Use this URL to cite or link to this record in EThOS:
Title: Alloys-by-design : applications to polycrystalline nickel superalloys for turbine disc applications
Author: Crudden, D. J.
ISNI:       0000 0004 5354 1679
Awarding Body: University of Oxford
Current Institution: University of Oxford
Date of Award: 2014
Availability of Full Text:
Access from EThOS:
Full text unavailable from EThOS. Restricted access.
Access from Institution:
The nickel-based superalloys have been a key enabler to the development of modern gas turbine engines. Since their introduction the chemical complexity of these alloys has increased significantly, with current generation nickel-based superalloys usually containing over 10 different elements. It is this combination of alloying additions that is responsible for the superior high temperature properties these alloys exhibit. Traditionally, alloy design has invoked considerable use of trial-and-error based approaches involving costly and exhaustive processing backed up by empirical property testing. In this work a computational materials design approach is developed. This method links physically-faithful composition-dependent models with thermodynamic calculations to understand material behaviour. By doing this it is possible to consider large compositional design spaces and isolate alloys expected to have optimal performance for specific applications. The scope of this research has been to apply the computational model to the design of a polycrystalline nickel-based superalloy for turbine disc applications in next generation jet engines. The design trade-offs encountered when developing the new alloy are highlighted. Alloy compositions which are predicted to be optimal for turbine disc applications are isolated. These alloys have been manufactured using a scaled down version of the commercial production method. The newly manufactured alloys have been characterised using microstructural evaluation, mechanical testing and corrosion testing. The experimental results have been compared with modelling predictions in order to determine the capability of the computational approach.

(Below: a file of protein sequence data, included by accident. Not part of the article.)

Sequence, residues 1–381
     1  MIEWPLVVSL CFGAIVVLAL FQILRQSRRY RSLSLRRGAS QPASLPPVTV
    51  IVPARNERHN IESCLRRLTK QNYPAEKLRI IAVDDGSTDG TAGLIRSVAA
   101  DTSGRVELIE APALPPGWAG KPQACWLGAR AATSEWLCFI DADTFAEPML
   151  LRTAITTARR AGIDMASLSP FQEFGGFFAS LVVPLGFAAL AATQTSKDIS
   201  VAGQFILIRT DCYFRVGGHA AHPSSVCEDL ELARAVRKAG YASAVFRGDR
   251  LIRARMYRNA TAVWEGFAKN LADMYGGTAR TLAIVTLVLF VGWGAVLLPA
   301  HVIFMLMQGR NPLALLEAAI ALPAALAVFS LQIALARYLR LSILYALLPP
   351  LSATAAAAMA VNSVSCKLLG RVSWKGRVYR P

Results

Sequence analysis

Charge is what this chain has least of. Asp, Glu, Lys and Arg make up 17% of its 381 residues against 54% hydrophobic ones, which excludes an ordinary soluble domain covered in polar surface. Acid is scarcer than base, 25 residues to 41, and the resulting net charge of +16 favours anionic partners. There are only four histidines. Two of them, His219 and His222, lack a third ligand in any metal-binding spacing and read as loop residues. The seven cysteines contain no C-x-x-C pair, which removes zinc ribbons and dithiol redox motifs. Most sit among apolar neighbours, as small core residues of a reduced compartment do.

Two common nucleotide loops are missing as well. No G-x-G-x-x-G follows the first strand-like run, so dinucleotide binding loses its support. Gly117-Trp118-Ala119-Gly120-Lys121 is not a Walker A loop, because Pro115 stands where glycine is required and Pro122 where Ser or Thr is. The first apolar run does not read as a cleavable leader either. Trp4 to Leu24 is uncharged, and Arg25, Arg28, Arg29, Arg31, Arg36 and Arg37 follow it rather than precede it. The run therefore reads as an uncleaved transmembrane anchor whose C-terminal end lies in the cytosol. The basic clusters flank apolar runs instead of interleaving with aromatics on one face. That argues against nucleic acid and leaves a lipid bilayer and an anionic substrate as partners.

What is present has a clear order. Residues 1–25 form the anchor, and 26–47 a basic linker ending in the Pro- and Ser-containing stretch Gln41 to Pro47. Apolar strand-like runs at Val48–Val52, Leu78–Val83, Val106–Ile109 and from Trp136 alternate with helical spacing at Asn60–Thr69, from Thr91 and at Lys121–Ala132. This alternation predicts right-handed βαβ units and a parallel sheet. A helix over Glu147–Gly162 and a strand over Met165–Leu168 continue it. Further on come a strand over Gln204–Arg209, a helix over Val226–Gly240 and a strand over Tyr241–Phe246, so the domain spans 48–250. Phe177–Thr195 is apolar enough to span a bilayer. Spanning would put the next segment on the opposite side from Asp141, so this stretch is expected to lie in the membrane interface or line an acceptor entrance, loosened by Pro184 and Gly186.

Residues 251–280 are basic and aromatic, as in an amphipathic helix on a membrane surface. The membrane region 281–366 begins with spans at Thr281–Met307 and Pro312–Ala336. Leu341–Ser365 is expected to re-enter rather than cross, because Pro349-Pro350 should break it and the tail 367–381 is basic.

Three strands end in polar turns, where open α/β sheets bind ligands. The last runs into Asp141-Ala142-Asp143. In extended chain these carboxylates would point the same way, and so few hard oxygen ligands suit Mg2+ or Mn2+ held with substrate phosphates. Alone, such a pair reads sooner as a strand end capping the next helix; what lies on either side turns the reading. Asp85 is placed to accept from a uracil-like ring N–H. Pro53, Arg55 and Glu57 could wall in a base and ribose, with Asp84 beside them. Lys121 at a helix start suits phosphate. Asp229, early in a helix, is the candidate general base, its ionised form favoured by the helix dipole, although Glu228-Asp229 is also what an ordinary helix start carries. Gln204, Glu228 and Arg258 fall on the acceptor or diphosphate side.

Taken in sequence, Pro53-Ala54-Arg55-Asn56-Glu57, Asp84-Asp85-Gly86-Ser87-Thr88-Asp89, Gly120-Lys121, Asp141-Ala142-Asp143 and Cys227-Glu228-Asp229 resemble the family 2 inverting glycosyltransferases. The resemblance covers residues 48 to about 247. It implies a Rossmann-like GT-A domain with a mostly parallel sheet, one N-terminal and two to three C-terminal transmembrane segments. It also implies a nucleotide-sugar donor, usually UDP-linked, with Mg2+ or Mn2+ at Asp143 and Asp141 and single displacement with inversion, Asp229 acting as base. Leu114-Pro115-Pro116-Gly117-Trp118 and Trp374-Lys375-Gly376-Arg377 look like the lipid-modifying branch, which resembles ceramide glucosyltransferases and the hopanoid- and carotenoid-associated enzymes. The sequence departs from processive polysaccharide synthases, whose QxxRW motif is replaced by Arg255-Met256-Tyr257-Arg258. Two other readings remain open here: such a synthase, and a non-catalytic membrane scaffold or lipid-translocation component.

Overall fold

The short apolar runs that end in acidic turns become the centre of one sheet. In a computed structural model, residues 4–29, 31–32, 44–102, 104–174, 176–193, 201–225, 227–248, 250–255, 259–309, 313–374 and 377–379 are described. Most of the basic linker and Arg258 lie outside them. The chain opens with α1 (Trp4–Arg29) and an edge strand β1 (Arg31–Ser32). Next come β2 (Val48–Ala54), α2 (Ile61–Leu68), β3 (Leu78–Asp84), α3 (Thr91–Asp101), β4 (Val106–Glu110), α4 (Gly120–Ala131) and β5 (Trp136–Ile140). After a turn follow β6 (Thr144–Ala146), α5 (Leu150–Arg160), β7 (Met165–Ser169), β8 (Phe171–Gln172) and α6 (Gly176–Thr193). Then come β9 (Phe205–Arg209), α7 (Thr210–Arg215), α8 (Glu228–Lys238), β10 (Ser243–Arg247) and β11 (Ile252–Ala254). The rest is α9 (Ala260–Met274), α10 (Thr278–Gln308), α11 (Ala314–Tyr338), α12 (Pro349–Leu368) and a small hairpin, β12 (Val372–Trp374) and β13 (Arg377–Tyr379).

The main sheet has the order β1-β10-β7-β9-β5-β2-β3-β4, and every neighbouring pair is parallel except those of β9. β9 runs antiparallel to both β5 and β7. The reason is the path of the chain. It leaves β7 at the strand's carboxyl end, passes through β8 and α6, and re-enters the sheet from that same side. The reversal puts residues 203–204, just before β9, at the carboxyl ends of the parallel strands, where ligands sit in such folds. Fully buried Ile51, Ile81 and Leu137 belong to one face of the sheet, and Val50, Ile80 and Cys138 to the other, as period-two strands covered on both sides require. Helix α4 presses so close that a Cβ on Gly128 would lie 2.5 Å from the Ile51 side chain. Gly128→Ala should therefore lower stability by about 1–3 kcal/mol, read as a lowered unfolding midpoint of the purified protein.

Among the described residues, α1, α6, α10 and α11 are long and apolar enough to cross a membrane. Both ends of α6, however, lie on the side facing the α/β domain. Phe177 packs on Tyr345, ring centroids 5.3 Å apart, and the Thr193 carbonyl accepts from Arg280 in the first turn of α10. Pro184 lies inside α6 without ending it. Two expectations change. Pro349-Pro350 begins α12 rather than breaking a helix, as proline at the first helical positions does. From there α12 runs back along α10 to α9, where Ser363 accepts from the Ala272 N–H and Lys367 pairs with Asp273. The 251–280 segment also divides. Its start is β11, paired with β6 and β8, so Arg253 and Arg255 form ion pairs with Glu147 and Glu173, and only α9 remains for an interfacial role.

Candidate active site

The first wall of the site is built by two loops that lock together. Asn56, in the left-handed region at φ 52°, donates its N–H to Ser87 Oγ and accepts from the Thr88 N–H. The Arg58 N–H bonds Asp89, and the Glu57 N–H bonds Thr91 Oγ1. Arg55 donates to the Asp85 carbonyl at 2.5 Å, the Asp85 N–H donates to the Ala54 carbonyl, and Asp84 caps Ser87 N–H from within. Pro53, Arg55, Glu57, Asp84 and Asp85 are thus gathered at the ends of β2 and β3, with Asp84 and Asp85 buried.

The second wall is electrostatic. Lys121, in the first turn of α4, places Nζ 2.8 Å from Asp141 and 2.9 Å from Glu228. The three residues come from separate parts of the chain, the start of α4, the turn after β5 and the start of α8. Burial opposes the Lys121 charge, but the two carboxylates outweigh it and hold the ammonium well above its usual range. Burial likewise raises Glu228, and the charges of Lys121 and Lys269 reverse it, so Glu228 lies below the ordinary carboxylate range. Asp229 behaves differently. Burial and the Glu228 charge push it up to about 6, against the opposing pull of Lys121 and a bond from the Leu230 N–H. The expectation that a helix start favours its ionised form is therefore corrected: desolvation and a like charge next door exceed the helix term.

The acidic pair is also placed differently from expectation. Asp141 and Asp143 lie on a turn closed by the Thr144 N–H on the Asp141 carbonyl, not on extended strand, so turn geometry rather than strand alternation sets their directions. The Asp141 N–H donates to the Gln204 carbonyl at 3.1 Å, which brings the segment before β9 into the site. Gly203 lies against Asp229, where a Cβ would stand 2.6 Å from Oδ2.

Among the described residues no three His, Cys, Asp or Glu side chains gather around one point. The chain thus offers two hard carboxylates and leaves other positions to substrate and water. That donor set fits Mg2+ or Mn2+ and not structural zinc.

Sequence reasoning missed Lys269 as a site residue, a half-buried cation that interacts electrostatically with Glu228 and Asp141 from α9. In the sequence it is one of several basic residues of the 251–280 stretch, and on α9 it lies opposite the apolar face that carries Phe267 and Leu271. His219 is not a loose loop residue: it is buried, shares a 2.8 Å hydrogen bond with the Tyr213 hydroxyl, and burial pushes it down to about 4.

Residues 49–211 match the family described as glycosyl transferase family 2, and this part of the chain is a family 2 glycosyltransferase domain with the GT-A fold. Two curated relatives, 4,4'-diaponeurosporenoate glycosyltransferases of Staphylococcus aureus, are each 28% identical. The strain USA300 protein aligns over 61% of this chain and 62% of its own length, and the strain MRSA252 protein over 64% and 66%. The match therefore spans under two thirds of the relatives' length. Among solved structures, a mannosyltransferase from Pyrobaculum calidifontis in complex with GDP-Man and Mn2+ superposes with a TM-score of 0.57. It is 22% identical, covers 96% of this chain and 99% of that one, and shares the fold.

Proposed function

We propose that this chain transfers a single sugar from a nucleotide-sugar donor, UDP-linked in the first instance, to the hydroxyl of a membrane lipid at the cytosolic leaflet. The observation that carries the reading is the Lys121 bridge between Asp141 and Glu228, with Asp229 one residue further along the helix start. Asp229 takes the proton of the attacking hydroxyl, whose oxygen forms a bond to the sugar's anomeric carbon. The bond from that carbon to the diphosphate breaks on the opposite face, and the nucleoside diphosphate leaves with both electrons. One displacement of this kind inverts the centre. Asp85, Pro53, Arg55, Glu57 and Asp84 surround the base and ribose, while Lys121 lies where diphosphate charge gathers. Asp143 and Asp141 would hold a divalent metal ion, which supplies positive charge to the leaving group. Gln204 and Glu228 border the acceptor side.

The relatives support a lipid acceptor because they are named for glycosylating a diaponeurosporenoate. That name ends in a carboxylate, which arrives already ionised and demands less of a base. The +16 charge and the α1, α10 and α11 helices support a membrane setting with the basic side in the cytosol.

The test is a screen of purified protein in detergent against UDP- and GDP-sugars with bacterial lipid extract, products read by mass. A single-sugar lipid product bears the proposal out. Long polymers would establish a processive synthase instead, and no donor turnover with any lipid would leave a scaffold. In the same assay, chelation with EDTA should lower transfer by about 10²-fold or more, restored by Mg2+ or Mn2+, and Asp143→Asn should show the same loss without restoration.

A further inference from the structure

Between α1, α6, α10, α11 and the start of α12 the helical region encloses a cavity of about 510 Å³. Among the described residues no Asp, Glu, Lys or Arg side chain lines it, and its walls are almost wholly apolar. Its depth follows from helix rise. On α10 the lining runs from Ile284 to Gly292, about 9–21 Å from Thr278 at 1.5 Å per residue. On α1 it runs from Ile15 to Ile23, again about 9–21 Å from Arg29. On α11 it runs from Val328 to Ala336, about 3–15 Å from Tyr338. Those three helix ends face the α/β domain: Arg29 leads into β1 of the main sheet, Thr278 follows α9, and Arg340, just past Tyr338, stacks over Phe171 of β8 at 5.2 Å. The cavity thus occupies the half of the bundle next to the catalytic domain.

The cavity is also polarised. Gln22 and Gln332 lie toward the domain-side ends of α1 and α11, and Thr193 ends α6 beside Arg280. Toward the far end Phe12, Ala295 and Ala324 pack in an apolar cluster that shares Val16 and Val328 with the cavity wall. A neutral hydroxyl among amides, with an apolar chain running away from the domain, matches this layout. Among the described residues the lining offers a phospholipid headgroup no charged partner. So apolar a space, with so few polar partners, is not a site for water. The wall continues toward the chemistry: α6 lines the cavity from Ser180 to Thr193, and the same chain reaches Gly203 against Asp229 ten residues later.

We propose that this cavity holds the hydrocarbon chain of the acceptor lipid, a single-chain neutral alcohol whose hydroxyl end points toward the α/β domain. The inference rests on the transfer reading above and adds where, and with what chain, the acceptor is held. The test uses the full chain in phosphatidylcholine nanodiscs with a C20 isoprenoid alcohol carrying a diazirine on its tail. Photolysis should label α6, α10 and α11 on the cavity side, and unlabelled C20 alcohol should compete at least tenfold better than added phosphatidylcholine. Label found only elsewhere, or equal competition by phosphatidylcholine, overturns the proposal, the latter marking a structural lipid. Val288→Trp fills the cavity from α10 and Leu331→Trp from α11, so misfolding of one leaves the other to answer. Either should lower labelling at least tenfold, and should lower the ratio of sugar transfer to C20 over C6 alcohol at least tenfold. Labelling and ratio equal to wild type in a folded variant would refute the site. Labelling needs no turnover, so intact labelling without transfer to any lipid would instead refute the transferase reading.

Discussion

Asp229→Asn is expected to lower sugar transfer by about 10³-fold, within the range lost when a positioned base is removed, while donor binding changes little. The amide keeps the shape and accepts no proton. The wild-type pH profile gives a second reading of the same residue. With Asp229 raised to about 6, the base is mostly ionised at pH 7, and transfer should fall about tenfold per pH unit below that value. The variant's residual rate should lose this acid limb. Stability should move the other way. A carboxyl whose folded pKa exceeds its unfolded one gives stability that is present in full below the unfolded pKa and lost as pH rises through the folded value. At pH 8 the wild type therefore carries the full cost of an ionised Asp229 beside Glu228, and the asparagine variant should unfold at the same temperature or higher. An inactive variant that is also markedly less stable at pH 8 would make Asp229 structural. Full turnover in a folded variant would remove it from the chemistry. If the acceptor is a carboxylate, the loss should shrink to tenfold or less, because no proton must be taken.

Supervisor: Reed, Roger Sponsor: Engineering and Physical Sciences Research Council ; Rolls-Royce plc
Qualification Name: Thesis (Ph.D.) Qualification Level: Doctoral
EThOS ID:  DOI: Not available
Keywords: Alloys ; Materials Sciences ; Metallurgy ; Physical metallurgy ; Nickel ; Superalloy